Whether you are a professional designer, illustrator, a Nabokov nut—or even none of the above—there is much to like about Lolita - The Story of a Cover Girl, a fascinating new book edited by John Bertram and Yuri Leving. At the center of their project is the problem Vladimir Nabokov’s notorious 1955 novel of sexual obsession, pedophilia and quasi-incest has posed for over half a century of book jacket designers.
First consider the creative brief as laid out by Nabokov himself, a man who liked to be in firm control of how his work, and his own public image, were represented:
“I want pure colors, melting clouds, accurately drawn details, a sunburst above a receding road with the light reflected in furrows and ruts, after rain. And no girls.”
You hear that? Let me turn it up a little bit louder for you:
“Who would be capable of creating a romantic, delicately drawn, non-Freudian and non-juvenile, picture for LOLITA (a dissolving remoteness, a soft American landscape, a nostalgic highway—that sort of thing)? There is one subject which I am emphatically opposed to: any kind of representation of a little girl.”
The image most closely associated with the novel today, of course, is the misleadingly “sexy” image of Sue Lyon, who played “Lolita” in Stanley Kubrick’s film adaptation, wearing the heart-shaped sunglasses and lasciviously licking a lollipop. This is not even a still from the film, it was a publicity photograph taken by Burt Stern. [In Kubrick’s film, Lyon, who was fourteen when it was shot, is meant to be sixteen to soften the situation for movie audiences (and censorship boards). I found it fascinating to learn that Nabokov would later remark that Catherine Demongeot, who played the title character in Louis Malle’s 1960 film Zazie dans le métro, was in fact closer to his own image of young Delores Haze!]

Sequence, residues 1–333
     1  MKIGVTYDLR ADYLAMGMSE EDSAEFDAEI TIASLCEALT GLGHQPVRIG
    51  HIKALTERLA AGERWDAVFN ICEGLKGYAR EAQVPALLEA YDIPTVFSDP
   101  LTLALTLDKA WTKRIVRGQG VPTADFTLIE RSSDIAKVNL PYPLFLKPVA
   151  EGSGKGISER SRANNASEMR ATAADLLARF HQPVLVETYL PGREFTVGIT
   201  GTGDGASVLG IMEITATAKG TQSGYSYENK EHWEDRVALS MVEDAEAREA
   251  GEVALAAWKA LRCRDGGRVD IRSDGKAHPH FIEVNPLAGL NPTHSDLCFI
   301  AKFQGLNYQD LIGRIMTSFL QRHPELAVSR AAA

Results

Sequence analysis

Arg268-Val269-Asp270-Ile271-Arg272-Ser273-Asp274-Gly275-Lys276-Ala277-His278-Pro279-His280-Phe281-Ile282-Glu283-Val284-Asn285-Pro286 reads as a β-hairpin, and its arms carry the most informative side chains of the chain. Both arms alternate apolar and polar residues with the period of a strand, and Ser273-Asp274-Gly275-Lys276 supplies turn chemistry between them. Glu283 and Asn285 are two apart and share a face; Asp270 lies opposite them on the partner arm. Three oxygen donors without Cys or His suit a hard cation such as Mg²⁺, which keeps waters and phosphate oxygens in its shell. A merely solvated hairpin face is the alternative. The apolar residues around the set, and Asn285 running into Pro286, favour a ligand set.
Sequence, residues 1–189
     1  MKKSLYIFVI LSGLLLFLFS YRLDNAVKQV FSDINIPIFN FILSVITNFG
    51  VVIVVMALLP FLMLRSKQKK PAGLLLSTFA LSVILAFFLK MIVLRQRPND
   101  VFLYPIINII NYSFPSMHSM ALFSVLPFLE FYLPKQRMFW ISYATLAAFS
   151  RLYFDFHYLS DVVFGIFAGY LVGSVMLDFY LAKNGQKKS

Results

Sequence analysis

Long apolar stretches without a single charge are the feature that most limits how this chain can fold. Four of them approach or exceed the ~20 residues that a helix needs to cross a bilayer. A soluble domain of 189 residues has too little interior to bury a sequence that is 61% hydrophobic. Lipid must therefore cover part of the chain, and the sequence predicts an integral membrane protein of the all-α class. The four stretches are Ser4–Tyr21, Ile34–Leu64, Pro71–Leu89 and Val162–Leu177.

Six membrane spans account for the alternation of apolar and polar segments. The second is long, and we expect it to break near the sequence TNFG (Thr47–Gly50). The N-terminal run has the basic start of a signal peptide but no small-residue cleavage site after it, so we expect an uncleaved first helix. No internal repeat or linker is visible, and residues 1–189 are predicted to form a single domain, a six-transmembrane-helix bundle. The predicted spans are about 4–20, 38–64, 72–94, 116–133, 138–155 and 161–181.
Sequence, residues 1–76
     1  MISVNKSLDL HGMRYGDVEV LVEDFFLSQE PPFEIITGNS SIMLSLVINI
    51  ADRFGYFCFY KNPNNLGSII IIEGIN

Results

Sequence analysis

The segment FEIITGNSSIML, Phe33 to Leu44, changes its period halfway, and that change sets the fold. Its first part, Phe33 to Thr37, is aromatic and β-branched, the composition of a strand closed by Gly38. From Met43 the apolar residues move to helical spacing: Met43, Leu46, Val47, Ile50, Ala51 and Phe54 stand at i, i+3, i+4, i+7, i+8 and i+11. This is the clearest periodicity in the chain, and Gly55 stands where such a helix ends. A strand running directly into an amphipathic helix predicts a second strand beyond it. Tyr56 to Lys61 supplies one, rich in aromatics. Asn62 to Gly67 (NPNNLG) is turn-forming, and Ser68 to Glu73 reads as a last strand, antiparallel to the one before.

How do you solve a creative conundrum like Lolita? Not only is the subject matter uniquely problematic, you have its author, a towering genius of 20th century literature, telling you emphatically: “NO GIRLS.”
The genesis of the book began in 2009 when Bertram discovered Dieter Zimmer’s Covering Lolita, an online collection of nearly 200 Lolita covers from around the world and decided to sponsor a book cover competition for a new cover for Lolita. There were 155 entries from 34 countries. After the contest, Bertram was approached by Yuri Leving, the editor of the Nabokov Online Journal about writing an essay on the results. When his paper was published there, Bertram sensed there was more to say on the subject and the result is Lolita - The Story of a Cover Girl, which he co-edited with Leving.
Several of the entries are seen in the book. You can see them online, too, at Bertram’s Venus febriculosa website, where he has also held a contest for “cover versions” of Brian Eno’s decidedly minimalist Music for Films album art.
Today in Los Angeles at Skylight Books in Los Feliz at 5pm, Bertram will lead a discussion regarding the art and design of Nabokov’s novel over the decades. On the panel will be Johanna Drucker, Leland De La Durantaye and Mary Gaitskill.
First prize winner by Lyuba Haleva
Design by Rachel Berger (I especially liked this one. Subtle, but powerful)
Design by Derek McCalla
Design by Aleksander Bak
Design by Barbara Bloom